Susan Meissner/Ten Tips for Researching and Writing Historical Fiction: This presentation was my main reason for attending the conference and it turned out to be maybe one of the most important sources of information I’ve encountered yet about the role of research in fiction writing. Meissner talked a great deal not only about the different types of sources she uses, but also the approximate order in which she consults those sources (starting with general works of nonfiction to get a sense of things, then eventually moving through scholarly articles and primary sources). Most important of all, she addressed some of the questions I’ve had about the ethical use of information in creative research by giving her thoughts on when it’s okay to change or ignore a historical fact for the sake of a story. In her own work, she says she tries to do this only when it’s absolutely necessary for the story being told and even then she tries to acknowledge the discrepancies in her notes at the end of the story so that readers will be aware of the changes. !!!! In the Q&A, I asked her if she, as someone who regularly uses experts and eye witnesses as part of her research, had any advice on how to approach such sources when you’re a newer writer without a publication record to point to as your credentials. This is something I’ve been wondering about for a long time since expert research comes up so often in the writing books I’ve been reading. Meissner’s advice for these situations was to emphasize that, as a writer, you want to get things right since helping with this is something that experts often have an interest in doing, even if they’ve never heard of you. She also said that the worst thing they can say is no, in which case you can look for someone else to help you instead. Overall, really valuable stuff.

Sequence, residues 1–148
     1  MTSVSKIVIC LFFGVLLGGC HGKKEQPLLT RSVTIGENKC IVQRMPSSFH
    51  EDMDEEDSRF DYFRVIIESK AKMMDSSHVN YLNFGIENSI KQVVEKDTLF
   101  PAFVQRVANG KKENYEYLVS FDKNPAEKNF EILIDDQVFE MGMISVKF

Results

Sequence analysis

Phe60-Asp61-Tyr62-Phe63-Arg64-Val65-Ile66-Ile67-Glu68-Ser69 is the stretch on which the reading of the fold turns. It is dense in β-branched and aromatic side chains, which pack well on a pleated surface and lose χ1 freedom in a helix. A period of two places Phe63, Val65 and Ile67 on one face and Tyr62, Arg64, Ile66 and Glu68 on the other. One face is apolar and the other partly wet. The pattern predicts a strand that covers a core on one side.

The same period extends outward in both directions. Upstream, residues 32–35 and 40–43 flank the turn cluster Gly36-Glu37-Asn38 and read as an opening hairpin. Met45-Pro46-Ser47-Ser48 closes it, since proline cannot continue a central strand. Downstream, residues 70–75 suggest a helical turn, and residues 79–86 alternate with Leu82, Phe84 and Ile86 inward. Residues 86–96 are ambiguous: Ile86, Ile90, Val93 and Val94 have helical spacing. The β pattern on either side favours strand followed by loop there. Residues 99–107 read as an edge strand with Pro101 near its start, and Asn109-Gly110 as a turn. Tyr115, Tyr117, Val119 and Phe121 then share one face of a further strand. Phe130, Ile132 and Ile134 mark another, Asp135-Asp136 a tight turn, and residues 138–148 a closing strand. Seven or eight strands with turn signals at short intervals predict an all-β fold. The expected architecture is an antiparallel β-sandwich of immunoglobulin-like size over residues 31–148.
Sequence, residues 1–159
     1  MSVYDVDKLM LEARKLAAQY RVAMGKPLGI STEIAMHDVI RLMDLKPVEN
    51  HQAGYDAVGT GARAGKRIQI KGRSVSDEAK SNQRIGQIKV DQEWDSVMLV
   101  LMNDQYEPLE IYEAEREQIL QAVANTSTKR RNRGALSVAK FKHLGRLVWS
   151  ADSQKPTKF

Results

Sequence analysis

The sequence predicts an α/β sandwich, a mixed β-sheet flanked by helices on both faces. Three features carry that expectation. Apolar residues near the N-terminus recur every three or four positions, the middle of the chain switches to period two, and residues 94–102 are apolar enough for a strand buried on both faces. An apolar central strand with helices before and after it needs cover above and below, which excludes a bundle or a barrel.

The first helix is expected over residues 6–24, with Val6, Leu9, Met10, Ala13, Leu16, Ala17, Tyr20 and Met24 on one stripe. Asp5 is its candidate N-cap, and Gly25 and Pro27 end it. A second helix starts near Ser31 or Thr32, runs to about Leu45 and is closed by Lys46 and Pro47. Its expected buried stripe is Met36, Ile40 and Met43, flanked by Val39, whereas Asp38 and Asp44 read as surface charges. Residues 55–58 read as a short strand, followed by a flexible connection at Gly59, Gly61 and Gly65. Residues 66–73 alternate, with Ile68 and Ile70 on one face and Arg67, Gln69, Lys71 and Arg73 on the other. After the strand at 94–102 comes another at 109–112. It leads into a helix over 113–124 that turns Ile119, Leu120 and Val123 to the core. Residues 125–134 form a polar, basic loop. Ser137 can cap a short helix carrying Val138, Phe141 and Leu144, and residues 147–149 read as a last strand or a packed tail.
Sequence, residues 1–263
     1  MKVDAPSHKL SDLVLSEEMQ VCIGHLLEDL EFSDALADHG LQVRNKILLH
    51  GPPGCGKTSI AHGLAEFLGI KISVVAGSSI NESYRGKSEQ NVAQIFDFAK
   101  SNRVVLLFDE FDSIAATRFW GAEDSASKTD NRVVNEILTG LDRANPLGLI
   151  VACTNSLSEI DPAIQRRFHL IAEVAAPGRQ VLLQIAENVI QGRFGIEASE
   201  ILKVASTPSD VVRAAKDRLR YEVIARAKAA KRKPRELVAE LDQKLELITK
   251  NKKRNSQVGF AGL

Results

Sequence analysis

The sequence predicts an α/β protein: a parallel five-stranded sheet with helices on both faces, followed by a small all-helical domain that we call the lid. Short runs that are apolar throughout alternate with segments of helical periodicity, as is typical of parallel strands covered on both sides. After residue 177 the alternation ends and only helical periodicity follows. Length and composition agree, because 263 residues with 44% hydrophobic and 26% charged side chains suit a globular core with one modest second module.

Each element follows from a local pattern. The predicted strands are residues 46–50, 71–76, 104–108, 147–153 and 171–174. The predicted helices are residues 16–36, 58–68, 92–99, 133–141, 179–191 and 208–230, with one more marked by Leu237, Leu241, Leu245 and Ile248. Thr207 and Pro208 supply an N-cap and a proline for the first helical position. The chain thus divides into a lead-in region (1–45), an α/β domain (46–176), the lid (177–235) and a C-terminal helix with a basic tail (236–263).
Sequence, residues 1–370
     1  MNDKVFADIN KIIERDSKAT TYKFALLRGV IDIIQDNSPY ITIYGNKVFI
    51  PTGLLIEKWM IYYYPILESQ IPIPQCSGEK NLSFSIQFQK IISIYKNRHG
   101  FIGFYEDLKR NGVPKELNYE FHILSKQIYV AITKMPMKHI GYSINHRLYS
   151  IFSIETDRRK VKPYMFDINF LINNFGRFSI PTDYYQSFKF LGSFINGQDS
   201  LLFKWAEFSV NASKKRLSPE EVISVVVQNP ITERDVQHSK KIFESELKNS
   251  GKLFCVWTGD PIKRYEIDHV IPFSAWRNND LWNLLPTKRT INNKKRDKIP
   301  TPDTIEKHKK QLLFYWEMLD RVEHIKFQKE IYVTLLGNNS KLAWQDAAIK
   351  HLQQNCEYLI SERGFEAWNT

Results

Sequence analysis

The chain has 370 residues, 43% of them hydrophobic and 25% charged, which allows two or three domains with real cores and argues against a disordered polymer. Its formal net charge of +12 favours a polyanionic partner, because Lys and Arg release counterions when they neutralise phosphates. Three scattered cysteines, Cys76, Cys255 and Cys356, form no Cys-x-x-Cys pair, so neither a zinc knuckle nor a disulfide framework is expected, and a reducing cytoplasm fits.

Nevien Shaabneh/Diversity, Inclusion and Equity in Publishing: From First Pitch to Book Birthday: This was one of two presentations I attended on questions about diversity (the other is described below). Shaabneh shared a lot of great information aimed at becoming more mindful about how we perceive and portray others who are not like us, which was really thought-provoking. During her presentation, she alluded to research and how it can help combat stereotypes and help make stories and characters more authentic. I asked her to say a little more about this in the Q&A. Her answer came down to not making assumptions about a particular culture or a particular person from that culture based on research that you do, which I thought was interesting. Definitely a favorite of the presentations I saw.